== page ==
Context and issues
It now appears that the functioning of ecosystems can no longer be dissociated from the dynamics of human activities. Indeed, it is now widely established that, in recent decades, environmental changes at local and global scales threaten the very sustainability of these ecosystems by altering the balance between human activities, biodiversity, fundamental properties and the global functioning of ecosystems.
In this context, the study of the ecological consequences of such global changes on biodiversity and, consequently, on the provision of ecological goods and services associated with ecosystems has become a major societal issue in addition to being a scientific discipline. These research themes are at the heart of current national (publication of the National Biodiversity Strategy 2011-2020, creation of the French Biodiversity Office), European and international issues (creation of the IPBES, BiodivERsA Strategic Research and Innovation Agenda) relating to the monitoring, dynamics and resilience of biodiversity.
EABX conducts research on characterizing and understanding the responses of continental aquatic biodiversity to global changes at different biological scales. The global changes of particular interest to us are fisheries, environmental fragmentation, contamination and climate change. The objectives of our research are, firstly, to better understand the mechanisms at play, and secondly, to provide recommendations based on various tools such as indicators, methods, simulations, expertise, sensors, etc. in support of public policies for the management of aquatic ecosystems.
The unit's research topics concern continental aquatic ecosystems and can be applied at different levels of organization:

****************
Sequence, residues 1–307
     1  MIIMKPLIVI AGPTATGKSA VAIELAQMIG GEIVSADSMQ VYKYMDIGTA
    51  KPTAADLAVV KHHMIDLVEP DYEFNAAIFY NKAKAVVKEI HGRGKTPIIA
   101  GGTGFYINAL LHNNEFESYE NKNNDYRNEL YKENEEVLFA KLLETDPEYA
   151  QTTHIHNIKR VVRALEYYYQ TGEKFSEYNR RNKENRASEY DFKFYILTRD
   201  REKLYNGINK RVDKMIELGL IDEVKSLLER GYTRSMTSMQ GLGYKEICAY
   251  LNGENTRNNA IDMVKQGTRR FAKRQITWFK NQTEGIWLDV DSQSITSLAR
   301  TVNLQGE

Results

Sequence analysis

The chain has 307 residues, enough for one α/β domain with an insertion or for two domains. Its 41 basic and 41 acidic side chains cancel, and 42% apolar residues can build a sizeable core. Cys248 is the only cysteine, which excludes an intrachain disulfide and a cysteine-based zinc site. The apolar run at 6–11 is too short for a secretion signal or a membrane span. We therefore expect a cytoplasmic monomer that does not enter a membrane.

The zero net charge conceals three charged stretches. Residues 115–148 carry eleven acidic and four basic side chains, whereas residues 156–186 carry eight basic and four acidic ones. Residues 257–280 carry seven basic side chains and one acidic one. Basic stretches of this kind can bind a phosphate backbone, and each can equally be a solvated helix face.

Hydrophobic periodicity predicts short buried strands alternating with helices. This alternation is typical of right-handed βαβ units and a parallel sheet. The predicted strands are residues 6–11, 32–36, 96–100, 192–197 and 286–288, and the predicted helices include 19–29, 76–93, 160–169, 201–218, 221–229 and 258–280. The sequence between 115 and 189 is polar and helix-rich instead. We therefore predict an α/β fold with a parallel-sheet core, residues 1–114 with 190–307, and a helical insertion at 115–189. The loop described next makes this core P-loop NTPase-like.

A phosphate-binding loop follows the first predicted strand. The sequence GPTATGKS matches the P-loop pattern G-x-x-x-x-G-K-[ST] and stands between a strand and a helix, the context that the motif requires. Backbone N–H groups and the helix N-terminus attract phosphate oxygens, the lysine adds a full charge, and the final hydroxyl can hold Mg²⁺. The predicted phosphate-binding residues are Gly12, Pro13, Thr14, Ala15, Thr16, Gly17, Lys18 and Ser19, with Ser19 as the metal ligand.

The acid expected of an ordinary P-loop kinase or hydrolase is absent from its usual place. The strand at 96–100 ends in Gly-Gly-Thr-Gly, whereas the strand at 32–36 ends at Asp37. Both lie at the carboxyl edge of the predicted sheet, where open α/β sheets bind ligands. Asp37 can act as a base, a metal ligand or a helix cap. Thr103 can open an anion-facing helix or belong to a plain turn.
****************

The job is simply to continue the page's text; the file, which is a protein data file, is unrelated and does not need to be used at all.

- species and populations of heritage interest (migratory amphihaline fish, aquatic plants (isoetides)) or functional (sole, white shrimp, microalgae);
- communities (aquatic plants, fish, biofilms);
- interaction networks within biofilms of estuarine and lake ecosystems.
EABX is composed of two teams that revolve around their specific research objects:
- The ECOVEA team conducts research on the Ecology of Aquatic Plant Communities and on the impact of multiple pressures (leader: Soizic Morin).
- The FREEMA team is interested in the Functioning and Restoration of Estuarine Ecosystems and populations of Amphihaline Migratory Species (leader: Bertrand Villeneuve)
EABX joins the strategy of INRAE and its AQUA Department by actively participating in the Strategic Scientific Domain "Biodiversity, management and dynamics of ecosystems, ecosystem services" and secondarily in the Strategic Scientific Domain "Risks" as well as in the AQUA Department's Director Axis which deals with "Aquatic Systems under Multiple Pressures" (ADD1).The influence of global and local factors on biodiversity
The unit's research, generally oriented by problem solving, seeks to integrate 4 major axes of fundamental research, transverse to our fields of activity and objects of study.
How can multiple anthropogenic stresses be integrated into the assessment of the ecological status of systems? How can they be deconvolved with a view to restoration? How does climate change influence the dynamics of species repositioning and viability? What are the responses of biodiversity to ecotoxic risks? What are the dynamics of bioaccumulation and what are the associated biomarkers? What are the impacts of physical breaks in continuity on migratory behavior and the viability of amphihaline migratory fish populations?Adaptive responses to global changes